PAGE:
The hour hand stuck 9 PM on the old wooden clock hanging above the entrance door to my parent’s Chinese restaurant. As if driven by instinct, one by one everyone stopped whatever they were doing. The waiters and my parents sprinted into the kitchen. Within a minute or two, groups of them came pouring out the large kitchen door holding metal insert pans filled with traditional Chinese food. The day was almost over and it was time for dinner.
Dinner at the restaurant felt like a tradition; we always ate at the same time. But that day was different. Why? Because it was the day I asked my parents for the meaning of life. As a 14 year old kid going through puberty, I was in a phase when I was questioning my existence. For days, weeks, and perhaps months I had been pondering about the meaning of life. I wanted to know the reason for my being, the absolute purpose for why I exist.
I was sad because I didn’t know the answer. I was desperate because I wanted to know the answer. But since I didn’t know the answer, I thought about asking my parents for one.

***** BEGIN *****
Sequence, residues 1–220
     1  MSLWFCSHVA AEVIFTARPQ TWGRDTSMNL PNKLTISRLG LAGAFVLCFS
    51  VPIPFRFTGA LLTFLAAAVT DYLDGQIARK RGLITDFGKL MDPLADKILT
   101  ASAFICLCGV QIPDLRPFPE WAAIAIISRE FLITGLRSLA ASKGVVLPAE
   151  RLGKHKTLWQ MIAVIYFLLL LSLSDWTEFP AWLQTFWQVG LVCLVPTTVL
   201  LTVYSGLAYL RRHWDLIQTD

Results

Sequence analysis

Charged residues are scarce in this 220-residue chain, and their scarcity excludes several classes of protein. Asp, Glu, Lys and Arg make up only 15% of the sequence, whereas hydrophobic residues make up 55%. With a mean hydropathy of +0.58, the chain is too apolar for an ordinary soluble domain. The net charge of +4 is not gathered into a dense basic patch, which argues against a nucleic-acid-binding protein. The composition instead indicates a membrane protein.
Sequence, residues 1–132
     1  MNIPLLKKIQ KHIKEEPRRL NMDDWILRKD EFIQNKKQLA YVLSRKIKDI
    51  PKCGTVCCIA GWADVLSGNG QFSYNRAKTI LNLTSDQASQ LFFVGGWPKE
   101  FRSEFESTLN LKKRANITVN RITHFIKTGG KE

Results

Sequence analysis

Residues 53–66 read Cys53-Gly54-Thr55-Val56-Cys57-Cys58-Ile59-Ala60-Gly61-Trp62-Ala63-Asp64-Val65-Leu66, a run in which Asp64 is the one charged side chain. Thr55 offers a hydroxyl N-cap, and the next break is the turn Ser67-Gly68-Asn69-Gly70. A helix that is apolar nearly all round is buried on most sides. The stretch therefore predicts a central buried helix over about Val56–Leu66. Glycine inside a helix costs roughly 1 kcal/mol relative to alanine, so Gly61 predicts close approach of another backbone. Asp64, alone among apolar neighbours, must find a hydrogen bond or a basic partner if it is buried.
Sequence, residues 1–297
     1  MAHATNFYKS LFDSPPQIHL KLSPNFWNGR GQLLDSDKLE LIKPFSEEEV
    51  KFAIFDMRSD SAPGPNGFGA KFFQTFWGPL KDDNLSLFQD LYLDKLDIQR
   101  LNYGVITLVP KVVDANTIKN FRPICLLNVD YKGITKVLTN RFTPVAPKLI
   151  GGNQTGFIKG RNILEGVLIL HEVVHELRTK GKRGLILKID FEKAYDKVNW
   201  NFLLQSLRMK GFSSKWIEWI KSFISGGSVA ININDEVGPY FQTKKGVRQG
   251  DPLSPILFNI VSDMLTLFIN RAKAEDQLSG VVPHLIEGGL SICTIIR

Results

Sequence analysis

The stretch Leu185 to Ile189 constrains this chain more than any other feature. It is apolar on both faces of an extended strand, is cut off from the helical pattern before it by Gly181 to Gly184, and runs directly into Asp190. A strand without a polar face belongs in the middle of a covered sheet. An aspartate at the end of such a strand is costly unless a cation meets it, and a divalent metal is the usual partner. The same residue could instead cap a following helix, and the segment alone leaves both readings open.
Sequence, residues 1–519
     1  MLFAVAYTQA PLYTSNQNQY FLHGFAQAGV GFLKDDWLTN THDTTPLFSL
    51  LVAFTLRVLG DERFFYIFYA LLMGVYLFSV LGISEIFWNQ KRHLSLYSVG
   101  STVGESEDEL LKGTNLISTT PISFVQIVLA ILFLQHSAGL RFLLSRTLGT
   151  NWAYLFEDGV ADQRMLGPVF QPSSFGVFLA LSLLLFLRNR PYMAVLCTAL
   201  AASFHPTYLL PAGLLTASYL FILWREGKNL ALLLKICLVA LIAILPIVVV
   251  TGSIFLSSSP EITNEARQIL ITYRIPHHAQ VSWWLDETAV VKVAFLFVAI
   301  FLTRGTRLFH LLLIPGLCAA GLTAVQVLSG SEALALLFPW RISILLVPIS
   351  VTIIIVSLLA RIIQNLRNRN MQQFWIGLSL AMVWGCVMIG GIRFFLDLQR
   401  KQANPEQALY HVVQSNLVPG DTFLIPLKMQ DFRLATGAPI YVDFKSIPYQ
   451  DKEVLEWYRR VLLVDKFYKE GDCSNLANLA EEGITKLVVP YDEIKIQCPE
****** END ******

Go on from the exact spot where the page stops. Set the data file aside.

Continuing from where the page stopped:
While we sat in our regular seats ready to enjoy our meals, I looked up nervously at my parents sitting across from me. They had a normal expression on their face, but I was panicking. My lips were dry and chapped from anticipation. I just didn’t know how to ask my parents about the meaning of life. So I waited and waited for the perfect opportunity, but I was getting increasingly impatient.
I eyed my parents with caution and blurted out:
The above translates directly to “people live for what?” Which essentially means “What do people live for?” or how I put it “What is the meaning of life?”
My parents looked up at me in a surprised manner.
“Why do you want to know the meaning of life?” My mom asked me in a Chinese dialect known as Fuzhounese.